Mich. minimum wage to be raised — but far short of $15

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Photo courtesy McConnell Communications, Inc. - PHOTO COURTESY MCCONNELL COMMUNICATIONS, INC.
  • Photo courtesy McConnell Communications, Inc.
  • Photo courtesy McConnell Communications, Inc.
Starting in the new year, Michigan employees will see the minimum wage raised from from $8.50 to $8.90 — one step as part of an eventual increase to $9.25 per hour in 2018. But it’s doubtful many will appreciate the 40-cent raise, which is still a far cry from the $15 per hour activists are calling for nationwide.

On Tuesday, 39 protesters were arrested for blocking the road at a protest in front of a McDonald's on Grand River Avenue in Detroit as part of a national day of protest organized by activist group Fight for $15.



Pastor W.J. Rideout III of All God's People's Church in Detroit, who serves as a liaison and spokesman for the local Fight for $15 group, Detroit 15, says he estimates the protests drew over 1,000 people — though official police estimates were more conservative at 200-300.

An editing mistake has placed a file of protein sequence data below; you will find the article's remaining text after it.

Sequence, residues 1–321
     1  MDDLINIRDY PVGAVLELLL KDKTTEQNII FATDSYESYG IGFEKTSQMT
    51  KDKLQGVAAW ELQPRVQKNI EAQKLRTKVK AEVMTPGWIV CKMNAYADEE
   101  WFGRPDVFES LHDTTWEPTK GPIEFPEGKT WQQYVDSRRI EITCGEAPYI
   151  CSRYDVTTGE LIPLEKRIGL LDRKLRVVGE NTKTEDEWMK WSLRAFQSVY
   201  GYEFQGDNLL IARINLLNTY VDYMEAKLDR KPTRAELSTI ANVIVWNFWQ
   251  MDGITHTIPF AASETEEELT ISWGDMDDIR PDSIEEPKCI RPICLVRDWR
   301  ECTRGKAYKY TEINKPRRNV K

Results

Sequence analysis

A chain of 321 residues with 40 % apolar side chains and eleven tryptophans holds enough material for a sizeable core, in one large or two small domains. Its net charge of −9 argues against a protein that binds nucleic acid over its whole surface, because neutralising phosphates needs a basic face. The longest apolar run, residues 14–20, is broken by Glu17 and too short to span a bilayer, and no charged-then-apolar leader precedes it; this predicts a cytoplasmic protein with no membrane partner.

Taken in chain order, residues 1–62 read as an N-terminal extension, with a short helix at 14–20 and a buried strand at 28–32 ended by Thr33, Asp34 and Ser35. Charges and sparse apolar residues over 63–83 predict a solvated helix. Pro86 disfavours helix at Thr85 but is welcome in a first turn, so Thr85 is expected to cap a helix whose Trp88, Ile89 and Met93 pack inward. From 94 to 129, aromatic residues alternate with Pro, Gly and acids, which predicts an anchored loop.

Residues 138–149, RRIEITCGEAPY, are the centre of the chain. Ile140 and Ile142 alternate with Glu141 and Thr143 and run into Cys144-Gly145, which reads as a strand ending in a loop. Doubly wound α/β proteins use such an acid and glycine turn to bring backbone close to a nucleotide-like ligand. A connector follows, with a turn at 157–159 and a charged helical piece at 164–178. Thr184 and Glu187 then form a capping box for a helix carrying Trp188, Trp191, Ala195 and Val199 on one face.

“The minimum wage is not enough. People can't survive off of it, they can't survive off of $8.50, they can't survive of $9. That's not enough money for a family. That's still below poverty," Rideout tells Metro Times. “They can't afford to pay their phone bills, their rent, their lights, their gas. That's bad that they need three or four jobs in order to survive.”



Rideout says to expect more protests in the coming year. “This is not just a moment. We are an overwhelmingly large movement ... the bottom line is they think we're going to stop because of arrests. It's just going to make us go harder. This is not even a political movement. It's an economic movement. We're looking out for the people's best interest, for the low-wage worker's best interest.”

The current federal minimum wage is $7.25 an hour. Some cities and states around the country have plans to phase in a $15 minimum wage in the next several years.

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